Title: The Different Stages of Visual Recognition Need Different Attentional Binding Strategies

Abstract: Many think that visual attention needs an executive to allocate resources. Although the cortex exhibits substantial plasticity, dynamic allocation of neurons seems outside its capability. Suppose instead that the visual processing architecture is fixed, but can be ‘tuned’ dynamically to task requirements: the only remaining resource that can be allocated is time. How can this fixed, yet tunable, structure be used over periods of time longer than one feed-forward pass? With the goal of developing a computational theory and model of vision and attention that has both biological predictive power as well as utility for computer vision, I propose that by using multiple passes of the visual processing hierarchy, both bottom-up and top-down, and using task information to tune the processing prior to each pass, we can explain the different recognition behaviors that human vision exhibits. By examining in detail the basic computational infrastructure provided by the Selective Tuning model and using its functionality, four different binding processes – Convergence Binding and Partial, Full and Iterative Recurrence Binding – are introduced and tied to specific recognition tasks and their time course. The key is a provable method to trace neural activations through multiple representations from higher order levels of the visual processing network down to the early levels.

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Date: Tues., Dec. 1, 2009
Location: PAS 2464
Time: 3:30 p.m.
Speaker: Doug Bors, University of Toronto
Title: The Raven: A Strange Bird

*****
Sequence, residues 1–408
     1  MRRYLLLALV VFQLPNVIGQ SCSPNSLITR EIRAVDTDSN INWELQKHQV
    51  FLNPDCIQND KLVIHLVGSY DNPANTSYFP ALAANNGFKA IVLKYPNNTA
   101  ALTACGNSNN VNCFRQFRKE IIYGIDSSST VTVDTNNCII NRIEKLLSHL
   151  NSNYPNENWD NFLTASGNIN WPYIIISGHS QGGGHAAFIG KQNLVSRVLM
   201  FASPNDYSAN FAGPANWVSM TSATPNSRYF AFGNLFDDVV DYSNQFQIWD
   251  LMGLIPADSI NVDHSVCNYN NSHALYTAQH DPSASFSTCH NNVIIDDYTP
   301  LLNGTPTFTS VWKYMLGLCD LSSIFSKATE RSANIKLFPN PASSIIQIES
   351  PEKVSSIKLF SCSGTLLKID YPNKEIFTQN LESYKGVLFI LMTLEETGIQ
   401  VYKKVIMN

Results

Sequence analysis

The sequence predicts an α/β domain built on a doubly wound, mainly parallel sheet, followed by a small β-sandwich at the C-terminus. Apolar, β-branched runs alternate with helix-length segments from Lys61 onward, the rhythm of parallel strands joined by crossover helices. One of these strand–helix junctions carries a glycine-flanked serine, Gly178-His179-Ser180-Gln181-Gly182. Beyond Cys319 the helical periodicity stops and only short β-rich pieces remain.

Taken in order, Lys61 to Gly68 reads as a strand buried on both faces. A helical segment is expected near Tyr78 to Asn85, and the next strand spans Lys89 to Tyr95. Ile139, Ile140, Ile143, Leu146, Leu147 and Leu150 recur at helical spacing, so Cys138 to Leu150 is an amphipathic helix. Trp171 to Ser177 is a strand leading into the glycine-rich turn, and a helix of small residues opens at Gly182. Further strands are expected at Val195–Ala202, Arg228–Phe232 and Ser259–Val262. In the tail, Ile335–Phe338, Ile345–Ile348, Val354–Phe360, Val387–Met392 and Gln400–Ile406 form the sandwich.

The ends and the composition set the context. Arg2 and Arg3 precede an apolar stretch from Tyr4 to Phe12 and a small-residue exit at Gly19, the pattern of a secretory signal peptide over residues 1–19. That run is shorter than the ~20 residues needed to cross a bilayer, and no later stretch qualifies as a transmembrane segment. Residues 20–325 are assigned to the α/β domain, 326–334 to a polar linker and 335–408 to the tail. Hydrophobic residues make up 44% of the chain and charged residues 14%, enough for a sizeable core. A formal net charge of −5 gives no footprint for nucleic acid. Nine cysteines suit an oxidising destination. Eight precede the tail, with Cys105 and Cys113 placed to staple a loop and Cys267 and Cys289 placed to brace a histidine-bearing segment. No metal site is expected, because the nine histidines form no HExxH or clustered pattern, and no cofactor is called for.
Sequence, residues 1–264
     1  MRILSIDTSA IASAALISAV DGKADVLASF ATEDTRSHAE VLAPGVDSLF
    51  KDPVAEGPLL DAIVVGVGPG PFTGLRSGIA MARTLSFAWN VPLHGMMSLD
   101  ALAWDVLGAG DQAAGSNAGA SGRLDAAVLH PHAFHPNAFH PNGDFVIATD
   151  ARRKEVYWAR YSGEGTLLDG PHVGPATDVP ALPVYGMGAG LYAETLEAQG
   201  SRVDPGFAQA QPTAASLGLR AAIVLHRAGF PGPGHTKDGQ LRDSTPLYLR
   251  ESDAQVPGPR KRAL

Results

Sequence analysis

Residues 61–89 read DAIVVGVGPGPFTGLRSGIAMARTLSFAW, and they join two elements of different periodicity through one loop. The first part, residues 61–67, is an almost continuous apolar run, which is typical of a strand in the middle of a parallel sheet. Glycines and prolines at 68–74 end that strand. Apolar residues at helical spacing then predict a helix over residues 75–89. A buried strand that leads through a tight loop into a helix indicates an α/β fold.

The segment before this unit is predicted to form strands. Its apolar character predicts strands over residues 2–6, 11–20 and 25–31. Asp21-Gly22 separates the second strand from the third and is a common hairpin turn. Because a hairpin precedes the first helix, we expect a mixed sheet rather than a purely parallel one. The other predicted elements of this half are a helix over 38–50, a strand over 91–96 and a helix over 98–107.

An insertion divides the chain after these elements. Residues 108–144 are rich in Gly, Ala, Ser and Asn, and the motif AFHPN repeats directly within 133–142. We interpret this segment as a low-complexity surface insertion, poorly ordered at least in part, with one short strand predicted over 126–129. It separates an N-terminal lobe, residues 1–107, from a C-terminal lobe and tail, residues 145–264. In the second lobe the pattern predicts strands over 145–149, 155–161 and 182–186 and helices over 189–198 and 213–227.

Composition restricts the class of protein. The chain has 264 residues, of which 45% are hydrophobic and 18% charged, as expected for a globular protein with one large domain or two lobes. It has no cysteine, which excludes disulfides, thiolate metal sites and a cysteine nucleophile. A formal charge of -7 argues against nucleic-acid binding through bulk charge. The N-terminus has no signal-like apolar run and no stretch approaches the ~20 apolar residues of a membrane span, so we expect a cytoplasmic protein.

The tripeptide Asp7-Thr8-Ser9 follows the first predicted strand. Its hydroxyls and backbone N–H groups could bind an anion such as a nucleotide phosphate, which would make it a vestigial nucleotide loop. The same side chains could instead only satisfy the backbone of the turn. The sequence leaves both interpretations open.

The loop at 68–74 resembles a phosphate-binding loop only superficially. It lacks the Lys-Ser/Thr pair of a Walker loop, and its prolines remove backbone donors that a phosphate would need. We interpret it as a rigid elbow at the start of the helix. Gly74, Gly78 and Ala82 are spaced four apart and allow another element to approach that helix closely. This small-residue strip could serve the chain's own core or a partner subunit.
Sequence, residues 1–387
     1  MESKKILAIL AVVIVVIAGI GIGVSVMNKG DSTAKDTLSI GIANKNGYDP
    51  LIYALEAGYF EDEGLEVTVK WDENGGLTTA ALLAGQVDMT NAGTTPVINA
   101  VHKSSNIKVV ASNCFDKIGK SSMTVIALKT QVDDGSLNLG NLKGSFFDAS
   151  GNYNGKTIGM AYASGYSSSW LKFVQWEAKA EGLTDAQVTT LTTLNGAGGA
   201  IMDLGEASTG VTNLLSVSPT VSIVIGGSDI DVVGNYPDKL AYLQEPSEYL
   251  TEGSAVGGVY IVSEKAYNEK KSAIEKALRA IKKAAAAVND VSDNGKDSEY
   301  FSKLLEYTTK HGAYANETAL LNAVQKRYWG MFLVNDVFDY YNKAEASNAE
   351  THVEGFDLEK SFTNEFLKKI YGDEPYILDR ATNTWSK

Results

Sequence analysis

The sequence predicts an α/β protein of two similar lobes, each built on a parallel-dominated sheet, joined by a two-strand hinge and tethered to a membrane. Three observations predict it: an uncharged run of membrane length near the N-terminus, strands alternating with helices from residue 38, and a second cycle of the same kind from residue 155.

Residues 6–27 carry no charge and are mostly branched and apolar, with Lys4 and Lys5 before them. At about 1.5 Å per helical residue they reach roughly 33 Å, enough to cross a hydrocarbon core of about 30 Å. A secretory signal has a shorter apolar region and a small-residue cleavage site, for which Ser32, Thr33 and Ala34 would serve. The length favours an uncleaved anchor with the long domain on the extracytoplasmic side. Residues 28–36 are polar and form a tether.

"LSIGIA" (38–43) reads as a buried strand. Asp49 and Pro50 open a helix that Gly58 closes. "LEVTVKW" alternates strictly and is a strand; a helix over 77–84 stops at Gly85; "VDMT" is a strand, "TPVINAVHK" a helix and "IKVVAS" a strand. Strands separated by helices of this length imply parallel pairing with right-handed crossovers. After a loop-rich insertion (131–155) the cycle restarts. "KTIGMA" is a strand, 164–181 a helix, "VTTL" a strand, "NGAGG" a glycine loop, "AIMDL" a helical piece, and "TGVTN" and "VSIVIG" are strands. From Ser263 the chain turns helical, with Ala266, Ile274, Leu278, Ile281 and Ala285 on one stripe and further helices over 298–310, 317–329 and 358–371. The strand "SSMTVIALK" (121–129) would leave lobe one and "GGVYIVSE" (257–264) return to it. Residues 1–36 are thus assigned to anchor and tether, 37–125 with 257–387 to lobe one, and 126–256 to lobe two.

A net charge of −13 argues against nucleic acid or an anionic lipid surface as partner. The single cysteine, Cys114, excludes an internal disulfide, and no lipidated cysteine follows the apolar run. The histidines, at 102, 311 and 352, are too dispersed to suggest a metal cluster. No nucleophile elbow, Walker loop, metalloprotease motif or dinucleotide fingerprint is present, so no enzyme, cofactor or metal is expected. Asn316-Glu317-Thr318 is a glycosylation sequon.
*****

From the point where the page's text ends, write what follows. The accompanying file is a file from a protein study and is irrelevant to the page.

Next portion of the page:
Abstract: This talk will summarize some of the Raven (Advanced Progressive matrices) research that I have done over the past 20 years in collaboration with several colleagues and students. That research has been driven by three related questions. First, what does the Raven primarily measure? Second, what is the source of task difficulty and how might that difficulty be overcome? Finally, what aspect of the Raven is responsible for the test’s reliable individual differences? Some of the work has used experimental components, such as our attempts at understanding the basis for the reliable correlation between simple cognitive tasks such as inspection time and the Raven. Some of the work has been more purely experimental. For example, we have observed significant changes in the error rates of individual items as we changed their position in the list of items. In other studies we have used exploratory and confirmatory factor analysis to evaluate particular factor structures that had been proposed by others and ourselves. Finally, we recorded the eye movements of subjects as they solved the items. Surprisingly, this provided us with our best predictors of Raven performance and provided evidence for the constructive matching versus response elimination distinction. The more a subject equally distributes his or her time over the “problem matrix,” the more likely he or she was to correctly solve that item and the higher his or her overall score on the test. The Raven must first and foremost be understood as a single test. As a single test it is highly reliable in terms of individual differences and is moderately predictive of other measures. This does not mean that the Raven can best be understood as being comprised of a single predominant fact such a g. Individual difference and item difficulties appear to be the products of various factors, including strategies on the part of subjects.